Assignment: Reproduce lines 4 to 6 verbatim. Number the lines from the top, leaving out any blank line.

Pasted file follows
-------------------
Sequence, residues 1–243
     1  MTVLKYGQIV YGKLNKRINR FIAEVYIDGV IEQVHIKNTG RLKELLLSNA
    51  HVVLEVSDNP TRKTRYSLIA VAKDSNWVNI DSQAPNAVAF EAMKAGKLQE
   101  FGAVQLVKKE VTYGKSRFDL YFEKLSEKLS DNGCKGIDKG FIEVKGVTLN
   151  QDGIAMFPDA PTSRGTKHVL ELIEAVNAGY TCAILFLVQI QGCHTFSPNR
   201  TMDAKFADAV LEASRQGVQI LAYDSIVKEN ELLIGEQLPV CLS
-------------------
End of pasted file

   101  FGAVQLVKKE VTYGKSRFDL YFEKLSEKLS DNGCKGIDKG FIEVKGVTLN
   151  QDGIAMFPDA PTSRGTKHVL ELIEAVNAGY TCAILFLVQI QGCHTFSPNR
   201  TMDAKFADAV LEASRQGVQI LAYDSIVKEN ELLIGEQLPV CLS